Shattuck’s energetic characters and situations, while contemporary, seem torn from the pages of ’30s screwball comedies. When novelist Cliff (Tommy Hinkley) and screenwriter Haley (Shattuck) team up to write a romantic play, their characters begin to act out some of the creators’ fondest fantasies and worst fears.
In the play within a play, painter Racheal (Karesa McElheny) takes a lover, Avery (Christian Noble), which leads to problems with Racheal’s husband, Mac (Ronn Moss).
As the writers argue over the shape of the play and the characters’ motivations, art begins to imitate life, and the two scribes come close to falling in love. Cliff’s wife Kate (Carolyn Hennesy) begins reading all the signals, and we’re off to the races with dueling love triangles.
Rather than leaning on one-liners, Shattuck is faithful to her characters, finding their real emotions and never shortchanging them for a joke. She also has the rare ability to take a theatrical device, such as writers pulling the strings of their characters’ lives, and make it fresh.
While the tone is romantic comedy, there are enough dark edges to give the piece some depth. A continuing, metaphorical character is Loneliness (Spencer Beglarian), who takes his turn with each of the people in the play. One scene between the distraught Haley, who is consoling herself with Billie Holliday records late at night, and her old friend Loneliness is terrifically written and performed by Shattuck.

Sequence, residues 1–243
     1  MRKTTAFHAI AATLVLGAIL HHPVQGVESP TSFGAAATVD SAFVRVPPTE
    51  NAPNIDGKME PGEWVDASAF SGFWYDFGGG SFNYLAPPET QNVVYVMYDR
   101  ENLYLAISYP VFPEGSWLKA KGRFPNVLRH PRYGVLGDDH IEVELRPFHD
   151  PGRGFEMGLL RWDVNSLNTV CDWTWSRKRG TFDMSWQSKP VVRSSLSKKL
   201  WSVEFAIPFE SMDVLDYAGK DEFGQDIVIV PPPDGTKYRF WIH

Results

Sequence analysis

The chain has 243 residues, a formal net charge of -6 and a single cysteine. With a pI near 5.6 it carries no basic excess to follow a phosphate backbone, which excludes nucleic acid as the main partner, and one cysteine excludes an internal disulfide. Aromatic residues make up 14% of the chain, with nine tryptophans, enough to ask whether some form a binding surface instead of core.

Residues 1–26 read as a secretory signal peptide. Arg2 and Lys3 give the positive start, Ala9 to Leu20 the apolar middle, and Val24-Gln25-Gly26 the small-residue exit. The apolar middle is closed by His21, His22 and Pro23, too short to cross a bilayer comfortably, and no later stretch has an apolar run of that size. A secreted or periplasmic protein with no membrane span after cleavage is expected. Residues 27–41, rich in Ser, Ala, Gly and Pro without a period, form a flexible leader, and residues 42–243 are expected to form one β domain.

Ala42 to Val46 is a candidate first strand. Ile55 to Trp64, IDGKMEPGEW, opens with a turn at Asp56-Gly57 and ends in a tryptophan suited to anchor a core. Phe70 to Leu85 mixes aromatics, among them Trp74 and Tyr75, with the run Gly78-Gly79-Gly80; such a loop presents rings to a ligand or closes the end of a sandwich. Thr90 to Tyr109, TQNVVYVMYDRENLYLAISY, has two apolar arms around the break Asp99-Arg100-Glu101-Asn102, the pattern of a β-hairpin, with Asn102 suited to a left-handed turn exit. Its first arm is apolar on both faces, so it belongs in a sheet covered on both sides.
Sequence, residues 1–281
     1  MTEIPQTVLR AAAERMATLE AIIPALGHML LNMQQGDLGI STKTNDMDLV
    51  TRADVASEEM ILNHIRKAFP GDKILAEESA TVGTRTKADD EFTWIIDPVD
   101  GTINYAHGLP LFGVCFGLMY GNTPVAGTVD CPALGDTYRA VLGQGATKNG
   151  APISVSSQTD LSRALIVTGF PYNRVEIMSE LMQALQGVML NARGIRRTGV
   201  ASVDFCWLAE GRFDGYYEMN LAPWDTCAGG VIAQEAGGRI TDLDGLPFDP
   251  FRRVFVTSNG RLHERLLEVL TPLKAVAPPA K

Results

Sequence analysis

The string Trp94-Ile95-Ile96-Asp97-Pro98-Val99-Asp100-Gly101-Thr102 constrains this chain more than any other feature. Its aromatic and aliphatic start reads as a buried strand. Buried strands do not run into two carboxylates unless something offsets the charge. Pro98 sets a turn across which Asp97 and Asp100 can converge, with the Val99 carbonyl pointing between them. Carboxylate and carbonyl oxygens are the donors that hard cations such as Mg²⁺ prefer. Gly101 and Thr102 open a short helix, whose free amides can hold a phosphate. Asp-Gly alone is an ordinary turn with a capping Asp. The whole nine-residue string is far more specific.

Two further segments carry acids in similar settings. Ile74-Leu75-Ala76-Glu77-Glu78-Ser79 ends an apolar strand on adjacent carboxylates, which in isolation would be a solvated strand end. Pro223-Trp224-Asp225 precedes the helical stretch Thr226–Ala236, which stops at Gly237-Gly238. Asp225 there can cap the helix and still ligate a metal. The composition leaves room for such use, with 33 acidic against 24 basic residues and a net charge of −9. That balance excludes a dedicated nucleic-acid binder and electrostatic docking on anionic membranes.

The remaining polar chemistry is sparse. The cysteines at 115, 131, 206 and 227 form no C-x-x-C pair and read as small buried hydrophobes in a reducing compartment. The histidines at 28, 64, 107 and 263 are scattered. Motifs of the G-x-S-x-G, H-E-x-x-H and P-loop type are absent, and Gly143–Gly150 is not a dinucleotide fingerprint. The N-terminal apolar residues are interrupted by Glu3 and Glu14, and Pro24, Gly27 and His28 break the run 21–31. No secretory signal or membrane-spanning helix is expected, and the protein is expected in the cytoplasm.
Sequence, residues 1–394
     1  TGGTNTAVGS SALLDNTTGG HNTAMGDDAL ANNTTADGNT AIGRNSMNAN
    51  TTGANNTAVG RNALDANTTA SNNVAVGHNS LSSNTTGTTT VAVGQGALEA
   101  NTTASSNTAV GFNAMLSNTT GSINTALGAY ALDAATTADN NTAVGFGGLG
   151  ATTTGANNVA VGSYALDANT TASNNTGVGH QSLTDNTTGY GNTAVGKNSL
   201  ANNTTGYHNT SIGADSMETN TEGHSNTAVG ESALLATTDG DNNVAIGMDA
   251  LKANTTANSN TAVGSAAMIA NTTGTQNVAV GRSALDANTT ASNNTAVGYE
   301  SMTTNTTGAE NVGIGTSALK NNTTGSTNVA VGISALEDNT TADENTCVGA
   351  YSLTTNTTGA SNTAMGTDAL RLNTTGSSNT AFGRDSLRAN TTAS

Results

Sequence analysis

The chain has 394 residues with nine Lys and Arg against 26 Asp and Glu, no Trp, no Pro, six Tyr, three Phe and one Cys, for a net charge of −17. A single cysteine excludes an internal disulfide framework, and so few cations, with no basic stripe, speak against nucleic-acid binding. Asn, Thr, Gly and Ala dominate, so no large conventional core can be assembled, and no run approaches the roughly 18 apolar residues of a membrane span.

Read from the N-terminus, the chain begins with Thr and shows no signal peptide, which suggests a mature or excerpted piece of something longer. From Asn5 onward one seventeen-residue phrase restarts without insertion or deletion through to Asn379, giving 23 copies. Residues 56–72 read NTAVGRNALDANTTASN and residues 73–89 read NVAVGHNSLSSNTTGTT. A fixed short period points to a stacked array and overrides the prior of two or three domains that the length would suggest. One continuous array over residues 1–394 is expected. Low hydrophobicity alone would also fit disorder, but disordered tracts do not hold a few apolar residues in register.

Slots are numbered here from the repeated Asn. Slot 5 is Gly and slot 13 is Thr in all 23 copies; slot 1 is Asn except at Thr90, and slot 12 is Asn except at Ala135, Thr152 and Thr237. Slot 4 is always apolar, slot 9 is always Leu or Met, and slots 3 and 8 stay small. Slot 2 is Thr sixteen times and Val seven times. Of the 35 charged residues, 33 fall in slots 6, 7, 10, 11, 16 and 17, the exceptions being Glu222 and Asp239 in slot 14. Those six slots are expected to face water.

The ensemble is not only talented, but also strikingly attractive. Hinkley is a perfect foil for Haley’s romantic fantasies, and shines as the rumpled yet devastatingly appealing writer. Hennesy is terrific as the writer’s wife who, while she loves her husband and kids, is still more than a tad envious of the single Haley, who she quips has “butt you could bounce a quarter off of.”
The “fictional” players are also excellent. McElheny is stylishly seductive as the philandering painter; Noble is endearing as her enthusiastically innocent lover, and Moss gives a finely crafted performance as the narcissistic yet vulnerable husband. Beglarian shows solid comedic gifts as Loneliness.
Direction by Michael Weiss is solid, carefully crafting the tone of the piece. However, the evening belongs indisputably to Shari Shattuck.